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FBI is closer to drawing a conclusion on motive for Las Vegas shooting

UNLV students hold a moment of silence for the victims of the mass shooting that killed 59 people and injured more than 525 on Oct. 2, 2017 in Las Vegas. (Marcus Yam/Los Angeles Times/TNS)

A month into the investigation of why Stephen Paddock indiscriminately rained gunfire on thousands of concert attendees, killing 58 and injuring hundreds at the Route 91 Harvest festival, investigators maintain that there is “absolutely” no indication the gunman was ideologically driven or affiliated with any international or domestic terror or hate group.

But investigators have made significant strides in their efforts to try to determine the how and the why the 64-year-old Mesquite gunman decided to shatter windows of a 32nd story Mandalay Bay suite, bringing forth the biggest loss of life during a shooting in modern U.S. history Oct. 1 on the Las Vegas Strip, said Aaron Rouse, FBI Las Vegas’ special agent in charge.

“We do know a lot more (about Paddock) than when we started,” Rouse told the Las Vegas Sun Wednesday afternoon. “I feel like we are going in the correct direction to understand why this happened.”

Asked if investigators have pinpointed a possible motive, Rouse said he believes that, “When we’re done, we’ll have as close to an answer on the why as you’re going to be able to come to without talking with (Paddock).”

But before that conclusion is made and publicly announced, investigators need to ensure that determination comes from evidence and facts and not from speculation or assumption, Rouse said, asking for patience from the public. “It won’t be as fast as people would want it to be. This isn’t a TV show.”

Since the shooting, investigators have received more than 4,000 tips, Rouse said.

Initially, the probe extended worldwide, but it’s scaled down since agents got a lot of the answers they were searching for, which include Paddock’s movements and contacts, Rouse said. Briefings are held daily and new developments are communicated to Metro Police, which is working in conjunction with its federal counterpart.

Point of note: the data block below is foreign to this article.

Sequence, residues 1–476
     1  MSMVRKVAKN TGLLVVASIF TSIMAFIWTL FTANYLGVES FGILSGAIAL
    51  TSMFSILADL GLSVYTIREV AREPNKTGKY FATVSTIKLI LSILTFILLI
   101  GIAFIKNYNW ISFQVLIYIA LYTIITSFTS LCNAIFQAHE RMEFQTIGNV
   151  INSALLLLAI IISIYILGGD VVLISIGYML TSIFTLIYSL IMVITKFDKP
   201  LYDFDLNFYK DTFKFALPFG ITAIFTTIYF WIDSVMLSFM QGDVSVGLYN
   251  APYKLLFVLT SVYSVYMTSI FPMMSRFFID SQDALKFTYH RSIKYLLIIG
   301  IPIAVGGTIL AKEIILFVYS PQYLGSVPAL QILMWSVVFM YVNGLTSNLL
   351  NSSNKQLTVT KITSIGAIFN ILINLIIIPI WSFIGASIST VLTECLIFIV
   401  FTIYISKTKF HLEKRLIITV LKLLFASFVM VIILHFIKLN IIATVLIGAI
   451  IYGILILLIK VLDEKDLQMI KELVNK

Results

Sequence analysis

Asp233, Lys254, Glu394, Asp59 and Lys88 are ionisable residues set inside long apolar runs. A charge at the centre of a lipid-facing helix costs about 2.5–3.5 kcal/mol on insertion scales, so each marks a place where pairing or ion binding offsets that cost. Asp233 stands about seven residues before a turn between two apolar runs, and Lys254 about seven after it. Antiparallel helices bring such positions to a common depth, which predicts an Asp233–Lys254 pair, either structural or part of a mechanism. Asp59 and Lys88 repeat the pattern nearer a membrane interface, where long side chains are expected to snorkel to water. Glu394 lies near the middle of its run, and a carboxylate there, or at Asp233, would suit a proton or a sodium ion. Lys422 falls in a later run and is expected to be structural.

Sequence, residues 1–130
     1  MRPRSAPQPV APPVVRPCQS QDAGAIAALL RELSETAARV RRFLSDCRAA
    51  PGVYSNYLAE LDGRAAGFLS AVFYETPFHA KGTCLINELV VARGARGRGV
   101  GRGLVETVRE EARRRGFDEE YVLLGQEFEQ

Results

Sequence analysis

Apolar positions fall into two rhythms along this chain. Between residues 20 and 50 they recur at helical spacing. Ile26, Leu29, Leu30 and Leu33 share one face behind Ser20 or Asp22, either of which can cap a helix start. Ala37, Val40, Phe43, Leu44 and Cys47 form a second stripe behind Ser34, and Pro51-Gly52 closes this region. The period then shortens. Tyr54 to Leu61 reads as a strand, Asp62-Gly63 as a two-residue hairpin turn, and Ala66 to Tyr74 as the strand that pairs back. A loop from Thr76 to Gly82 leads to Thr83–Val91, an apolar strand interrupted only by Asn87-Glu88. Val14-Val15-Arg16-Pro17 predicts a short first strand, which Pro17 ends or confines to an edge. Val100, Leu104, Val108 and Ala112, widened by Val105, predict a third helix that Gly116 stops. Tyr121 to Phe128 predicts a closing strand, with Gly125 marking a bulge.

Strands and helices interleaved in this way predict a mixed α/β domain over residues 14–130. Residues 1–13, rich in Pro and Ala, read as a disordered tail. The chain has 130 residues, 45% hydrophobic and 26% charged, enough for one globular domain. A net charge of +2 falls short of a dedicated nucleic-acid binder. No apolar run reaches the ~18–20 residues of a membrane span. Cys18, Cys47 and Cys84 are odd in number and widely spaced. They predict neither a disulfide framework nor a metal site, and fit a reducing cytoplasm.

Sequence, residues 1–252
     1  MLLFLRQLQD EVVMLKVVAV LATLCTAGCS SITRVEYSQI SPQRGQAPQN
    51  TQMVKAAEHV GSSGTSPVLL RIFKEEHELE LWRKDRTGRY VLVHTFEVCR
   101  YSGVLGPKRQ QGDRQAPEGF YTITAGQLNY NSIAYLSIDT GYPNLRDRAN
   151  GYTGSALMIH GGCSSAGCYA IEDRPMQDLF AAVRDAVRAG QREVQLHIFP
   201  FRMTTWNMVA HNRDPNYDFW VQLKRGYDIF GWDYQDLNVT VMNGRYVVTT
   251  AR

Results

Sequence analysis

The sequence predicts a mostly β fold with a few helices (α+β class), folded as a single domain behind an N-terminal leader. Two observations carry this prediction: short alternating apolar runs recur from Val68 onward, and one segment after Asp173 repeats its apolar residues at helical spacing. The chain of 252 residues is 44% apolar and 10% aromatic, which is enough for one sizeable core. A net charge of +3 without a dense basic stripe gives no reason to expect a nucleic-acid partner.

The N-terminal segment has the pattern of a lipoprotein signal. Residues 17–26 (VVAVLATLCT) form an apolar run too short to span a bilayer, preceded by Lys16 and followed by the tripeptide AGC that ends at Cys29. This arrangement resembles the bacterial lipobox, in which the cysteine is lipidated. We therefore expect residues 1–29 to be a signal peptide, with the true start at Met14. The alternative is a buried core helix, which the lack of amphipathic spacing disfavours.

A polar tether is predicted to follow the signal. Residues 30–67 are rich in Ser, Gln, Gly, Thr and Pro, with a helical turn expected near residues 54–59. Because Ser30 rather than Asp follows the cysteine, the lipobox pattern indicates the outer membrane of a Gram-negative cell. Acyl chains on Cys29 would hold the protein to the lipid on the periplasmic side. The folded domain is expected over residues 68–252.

At one point more than 300 FBI personnel had been summoned, with hundreds more in rotation when the original group became fatigued. The FBI’s Evidence Response Team “painstakingly” worked side by side with Metro’s forensic investigators in a “very long and detailed effort” to measure and study the killing field.

“When they’re done with their final report, there will be — I think — as best representation forensically of what happened as you can possibly ask for,” Rouse said. And that information led investigators in “good directions.”

The agency’s victim assistance unit repatriated belongings left behind by the victims with their loved ones. “You never quite know how a small object is going to affect someone’s life,” Rouse said.

Interviews and follow-ups have been conducted and subpoenas have been served and returned. It’s not rare to see hundreds or even thousands of these court orders in an investigation of this scale, Rouse said. Footage related to the shooting, a substantial amount turned in by civilians, has amounted to more than 40 terabytes.

Rouse said video provided by the public has helped tighten a timeline, which has seen several adjustments. “We can’t say ‘thank you’ enough.”

We’ve been very fortunate that we’ve had a fairly good, robust understanding of the events that have gone on, and unfortunately people got wrapped up around a timeline,” Rouse said, referring to what Metro Police has said about that due to its preliminary nature, it was likely to include inconsistencies as investigators learned more, and dealt with different time stamps, logs and witness statements.

Responding to criticism of the shifting timeline, Clark County Sheriff Joe Lombardo said during the last public briefing Oct. 13 that information released the days after the shooting, which was what investigators knew at the time, was to “calm the public” and not serve as an official account or build a legal case.

The current timeline remains consistent, Rouse said.

As with other modern mass-casualty events, conspiracy theories have been rampant online. Was there a second shooter; was it a false-flag operation, is there a government cover-up?

All evidence points to Paddock being the only shooter and “we’re too busy to pay attention” to online conspiracy theorists, Rouse said.

“Thousands of people have been involved in this effort, (a cover-up) would require an effort to keep all of them in line with the same story and that doesn’t happen in real life,” Rouse said. “So we’re going to continue to focus on the facts, we’re going to continue to focus on being thorough, and it will take as long as it takes, but I believe we’re making significant progress.”

Asked if the misinformation has led to false tips, Rouse said that it happens in every investigation.

“I think it becomes more intensified because of the media outpouring on this particular event,” Rouse said. But they follow every lead to assure that what’s being reported “absolutely did or did not happen.”

Victims, their loved ones and the public deserve for the FBI to be right, as that contributes to the trust and confidence the federal agency seeks. “I have the ultimate confidence to know that we’re following a tried and true course that has worked well for law enforcement agencies worldwide.”

Nevada can be proud of the public-private partnerships, Rouse said.

“Bad things are going to happen,” Rouse said. “It’s how you respond to them that shows your true sense of community, and this is a strong community.”


© 2017 the Las Vegas Sun (Las Vegas, Nev.)

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